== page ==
Conversion costs are those production costs required to convert raw materials into completed products. The concept is used in cost accounting to derive the value of ending inventory, which is then reported in the financial statements. It can also be used to determine the incremental cost of creating a product, which could be useful for price setting purposes. Since conversion activities involve labor and manufacturing overhead, the calculation of conversion costs is:
Thus, conversion costs are all manufacturing costs except for the cost of raw materials. Examples of costs that may be considered conversion costs are:
- Direct labor and related benefits and payroll taxes
- Equipment depreciation
- Equipment maintenance
- Factory rent
- Factory supplies
- Factory insurance
- Production utilities
- Production supervision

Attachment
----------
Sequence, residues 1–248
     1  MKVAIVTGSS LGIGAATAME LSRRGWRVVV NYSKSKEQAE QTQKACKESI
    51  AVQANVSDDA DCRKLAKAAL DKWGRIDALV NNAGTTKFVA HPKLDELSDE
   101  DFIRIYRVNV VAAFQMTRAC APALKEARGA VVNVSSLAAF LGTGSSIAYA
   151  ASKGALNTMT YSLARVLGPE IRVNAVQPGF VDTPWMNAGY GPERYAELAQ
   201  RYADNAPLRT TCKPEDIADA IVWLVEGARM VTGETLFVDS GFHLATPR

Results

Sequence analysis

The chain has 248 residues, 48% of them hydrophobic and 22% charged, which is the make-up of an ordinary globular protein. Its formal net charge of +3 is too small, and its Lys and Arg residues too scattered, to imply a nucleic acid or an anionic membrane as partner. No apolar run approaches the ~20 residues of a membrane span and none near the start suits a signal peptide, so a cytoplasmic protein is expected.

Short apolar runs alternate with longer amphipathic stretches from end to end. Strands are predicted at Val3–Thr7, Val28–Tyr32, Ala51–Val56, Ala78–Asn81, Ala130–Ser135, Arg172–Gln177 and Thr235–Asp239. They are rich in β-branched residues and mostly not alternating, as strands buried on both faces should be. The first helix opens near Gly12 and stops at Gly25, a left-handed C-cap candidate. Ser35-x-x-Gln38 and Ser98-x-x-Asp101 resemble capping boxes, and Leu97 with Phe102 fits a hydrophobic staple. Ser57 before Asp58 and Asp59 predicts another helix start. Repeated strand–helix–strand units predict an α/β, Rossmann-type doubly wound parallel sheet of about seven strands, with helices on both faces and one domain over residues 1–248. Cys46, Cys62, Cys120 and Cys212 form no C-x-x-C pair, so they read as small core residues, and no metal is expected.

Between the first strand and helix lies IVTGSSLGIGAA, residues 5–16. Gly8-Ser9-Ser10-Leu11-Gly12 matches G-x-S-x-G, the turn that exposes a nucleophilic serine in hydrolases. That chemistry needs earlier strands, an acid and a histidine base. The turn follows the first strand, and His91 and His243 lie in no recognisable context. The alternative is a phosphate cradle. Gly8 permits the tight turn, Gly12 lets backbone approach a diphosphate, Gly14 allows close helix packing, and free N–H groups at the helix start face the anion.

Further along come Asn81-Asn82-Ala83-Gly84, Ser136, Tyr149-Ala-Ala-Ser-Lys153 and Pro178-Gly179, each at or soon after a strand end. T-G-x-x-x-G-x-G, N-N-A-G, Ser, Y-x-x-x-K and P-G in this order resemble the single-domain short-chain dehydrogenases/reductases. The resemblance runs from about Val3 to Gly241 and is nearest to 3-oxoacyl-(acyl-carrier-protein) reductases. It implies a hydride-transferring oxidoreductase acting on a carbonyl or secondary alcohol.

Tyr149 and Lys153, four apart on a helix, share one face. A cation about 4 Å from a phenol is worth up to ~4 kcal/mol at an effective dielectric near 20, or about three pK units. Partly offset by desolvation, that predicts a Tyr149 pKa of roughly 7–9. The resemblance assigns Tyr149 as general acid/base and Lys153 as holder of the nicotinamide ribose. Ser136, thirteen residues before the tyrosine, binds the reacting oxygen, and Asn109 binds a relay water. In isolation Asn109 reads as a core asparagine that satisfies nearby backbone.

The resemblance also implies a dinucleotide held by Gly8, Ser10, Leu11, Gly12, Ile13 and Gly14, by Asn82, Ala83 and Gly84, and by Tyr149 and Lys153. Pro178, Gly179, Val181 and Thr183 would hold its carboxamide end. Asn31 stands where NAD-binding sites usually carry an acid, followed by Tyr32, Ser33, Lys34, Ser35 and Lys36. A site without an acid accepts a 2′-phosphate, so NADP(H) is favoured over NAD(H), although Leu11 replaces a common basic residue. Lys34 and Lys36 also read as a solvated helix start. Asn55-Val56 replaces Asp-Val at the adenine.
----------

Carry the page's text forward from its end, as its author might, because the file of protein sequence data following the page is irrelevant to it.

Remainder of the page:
- Small tools charged to expense
As can be seen from the list, the bulk of all conversion costs are likely to be in the manufacturing overhead classification.
If a business incurs unusual conversion costs for a specific production run (such as reworking parts due to incorrect tolerances on the first pass), it may make sense to exclude these extra costs from the conversion cost calculation, on the grounds that the cost is not representative of day-to-day cost levels.
Example of Conversion Costs
ABC International incurs a total of $50,000 during March in direct labor and related costs, as well as $86,000 in factory overhead costs. ABC produced 20,000 units during March. Therefore, the conversion cost per unit for the month was $6.80 per unit (calculated as $136,000 of total conversion costs divided by the 20,000 units produced).